Wealth managers are master plate spinners. Their role is to effectively organize the money of affluent individuals – something that requires a broad knowledge and great variety of skills. From investment advice to estate planning to tax services and even philanthropy, good wealth managers are master strategists able to not only keep their eye on the ball, but on the pitch, the goalposts, and the other players to boot.
It’s 2021, and we all know that workplace diversity is important, yet, in broader conversations, neurodiversity is still so often overlooked. For those who don’t know, the term ‘neurodiversity’ refers to the naturally occurring variations in the brain’s neurological functions. These variations include autism, dyslexia, dyspraxia, and ADHD. Contrary to the old myth that people are “left-brained” (analytical) or “right-brained” (creative), the best wealth managers must be both analytic and creative if they want to be effective. That’s exactly why the finance industry could hugely benefit from neurodivergent talent – keep reading to find out more!
Once upon a time… not so long ago… neurodiversity wasn’t fully understood. People mistook difference for weakness, or something to be wary of, and it is only in more recent years that companies have started to recognize the true power of a neurodiverse workforce. Neurodivergent individuals are often described as creative, and this is primarily because of the way they see the world; the variation in their neurological makeup can make them especially apt at spotting patterns and finding out-of-the-box solutions. It’s hardly surprising, then, that dyslexia and ADHD are overrepresented amongst entrepreneurs who are so often famed for their innovative thinking.
When it comes to the finance world, it’s important to understand that wealth managers operate within a delicate ecosystem; changes rarely happen in isolation, instead, they are a part of a complex, interconnected financial structure. Whether it’s surfing the waves of the stock market or weathering the storms of unexpected global events such as the COVID-19 pandemic, wealth managers have to be master strategists, prepared to advise their clients on the best route forward regardless of the complexity of the situation.
The reason neurodivergent individuals flourish in a role like wealth management is actually multifold. Neurodivergent people are often described as ‘big picture’ thinkers, they can think laterally and – in a finance setting – understand the interplay between the threads making up the rich tapestry of the world’s economy. It is these skills that make them great at strategy while also enabling them to spot favorable finance trends. Their tendency to see things with a bird’s-eye view means they are especially well-placed at keeping harmony across a client’s account and areas of interest.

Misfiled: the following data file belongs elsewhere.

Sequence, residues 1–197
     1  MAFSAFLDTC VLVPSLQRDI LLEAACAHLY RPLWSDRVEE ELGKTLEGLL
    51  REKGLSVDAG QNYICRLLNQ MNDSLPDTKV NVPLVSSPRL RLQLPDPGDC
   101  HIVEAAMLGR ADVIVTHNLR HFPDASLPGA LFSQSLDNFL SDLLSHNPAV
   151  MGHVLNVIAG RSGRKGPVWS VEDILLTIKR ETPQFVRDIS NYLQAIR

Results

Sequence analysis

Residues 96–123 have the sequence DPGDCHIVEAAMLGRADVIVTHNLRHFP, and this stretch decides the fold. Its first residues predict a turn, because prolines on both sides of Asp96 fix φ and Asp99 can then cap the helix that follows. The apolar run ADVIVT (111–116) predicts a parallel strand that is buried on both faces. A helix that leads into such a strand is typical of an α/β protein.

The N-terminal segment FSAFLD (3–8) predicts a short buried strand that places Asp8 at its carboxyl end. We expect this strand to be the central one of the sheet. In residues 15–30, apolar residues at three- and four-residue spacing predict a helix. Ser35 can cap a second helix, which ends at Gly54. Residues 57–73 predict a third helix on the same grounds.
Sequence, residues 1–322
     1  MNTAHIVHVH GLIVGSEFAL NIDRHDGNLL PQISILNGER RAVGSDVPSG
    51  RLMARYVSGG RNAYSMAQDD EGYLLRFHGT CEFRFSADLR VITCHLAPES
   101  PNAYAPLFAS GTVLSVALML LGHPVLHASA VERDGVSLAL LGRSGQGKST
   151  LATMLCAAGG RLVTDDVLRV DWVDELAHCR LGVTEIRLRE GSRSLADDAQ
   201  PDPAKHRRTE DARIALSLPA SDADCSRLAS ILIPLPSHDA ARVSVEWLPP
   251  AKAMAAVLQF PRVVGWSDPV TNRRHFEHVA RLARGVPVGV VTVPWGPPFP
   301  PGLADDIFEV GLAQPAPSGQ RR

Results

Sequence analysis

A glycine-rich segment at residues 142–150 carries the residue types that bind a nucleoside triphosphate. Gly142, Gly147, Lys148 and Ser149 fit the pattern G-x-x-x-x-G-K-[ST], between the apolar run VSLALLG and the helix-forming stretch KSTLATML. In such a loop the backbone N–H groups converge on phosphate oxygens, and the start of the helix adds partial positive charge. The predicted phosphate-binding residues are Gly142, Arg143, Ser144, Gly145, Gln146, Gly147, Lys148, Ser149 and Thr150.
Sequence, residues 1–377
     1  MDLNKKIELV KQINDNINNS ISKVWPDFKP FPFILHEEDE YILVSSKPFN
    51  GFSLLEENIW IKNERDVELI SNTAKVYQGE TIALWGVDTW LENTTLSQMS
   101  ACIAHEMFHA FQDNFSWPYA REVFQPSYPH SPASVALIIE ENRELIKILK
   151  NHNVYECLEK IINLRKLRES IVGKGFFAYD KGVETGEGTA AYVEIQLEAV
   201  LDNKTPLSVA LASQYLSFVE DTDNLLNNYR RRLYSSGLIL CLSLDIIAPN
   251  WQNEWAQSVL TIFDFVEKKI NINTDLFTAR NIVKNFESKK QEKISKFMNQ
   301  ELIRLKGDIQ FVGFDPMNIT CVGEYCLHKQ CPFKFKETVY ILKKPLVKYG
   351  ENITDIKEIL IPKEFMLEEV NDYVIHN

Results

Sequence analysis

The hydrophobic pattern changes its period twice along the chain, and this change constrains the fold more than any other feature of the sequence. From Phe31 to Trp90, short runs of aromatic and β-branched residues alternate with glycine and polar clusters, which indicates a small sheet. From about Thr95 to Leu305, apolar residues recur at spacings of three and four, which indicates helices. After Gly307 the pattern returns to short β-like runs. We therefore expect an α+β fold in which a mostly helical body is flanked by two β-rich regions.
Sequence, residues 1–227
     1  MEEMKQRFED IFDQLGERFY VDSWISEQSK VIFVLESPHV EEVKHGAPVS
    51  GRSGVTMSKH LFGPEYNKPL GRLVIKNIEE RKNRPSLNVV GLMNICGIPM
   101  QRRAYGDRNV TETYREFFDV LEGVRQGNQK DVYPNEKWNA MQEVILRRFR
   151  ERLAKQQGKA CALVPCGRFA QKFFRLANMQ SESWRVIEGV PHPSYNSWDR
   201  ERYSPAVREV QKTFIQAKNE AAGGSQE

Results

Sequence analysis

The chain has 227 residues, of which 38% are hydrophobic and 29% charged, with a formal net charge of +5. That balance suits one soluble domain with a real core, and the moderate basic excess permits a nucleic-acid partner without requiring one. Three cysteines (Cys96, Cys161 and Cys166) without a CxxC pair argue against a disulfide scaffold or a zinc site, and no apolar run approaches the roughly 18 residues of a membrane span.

Plus, that’s not to mention that – from a workplace culture perspective – neurodivergent individuals are much less likely to succumb to ‘groupthink’. Because of their ability to think differently, they tend to be much more comfortable calling out the status quo – a trait that is invaluable in the finance world where assessing risk is so often a huge factor.
So, now we know neurodivergent individuals offer great benefit to the finance world – but how can employers go about recruiting them in a fair and inclusive way? This generally requires a sensitive HR team, as it’s pivotal that a recruitment strategy doesn’t tokenize neurodivergent individuals or treat them as something alien or extraordinary. Think of neurological variation as you would any other trait or ability, it can be a desirable company asset but it doesn’t define the entirety of who that person is.
Once your HR team is informed and up to speed on the latest advice, they can take steps in publicizing their finance organization as one that is open to and supportive of neurodivergent applicants. Because of residual stigma, some neurodivergent people still feel hesitant to reveal their neurodiverse identity due to fear of discrimination – making it clear that your company is inclusive and forward-thinking can help to quash this fear from the outset.
It’s also worth thinking about your recruitment process. So often conventional recruitment tactics such as face-to-face interviews and written tasks can be inhibiting to neurodivergent applicants. Instead, consider creative means of assessment such as visual-based problem solving and even structure-building tasks (some companies even use lego!). Techniques such as these provide new ways for you to ascertain an applicant’s ability without causing undue stress to someone who has a neurological difference.
Seeking neurodiverse talent is a great thing and, like all diversity, adds to the overall success of any organization. However, it is important that support for neurodivergent individuals doesn’t end at the point of hire. From onboarding to day-to-day work, in a field such as wealth management, throwing a neurodivergent employee into a world of spreadsheets and lists is so often unconducive to maximizing that employee’s full ability. Making use of visual and creative productivity tools like Ayoa will better enable all employees – neurodivergent and neurotypical – to reach their fullest, most creative potential.
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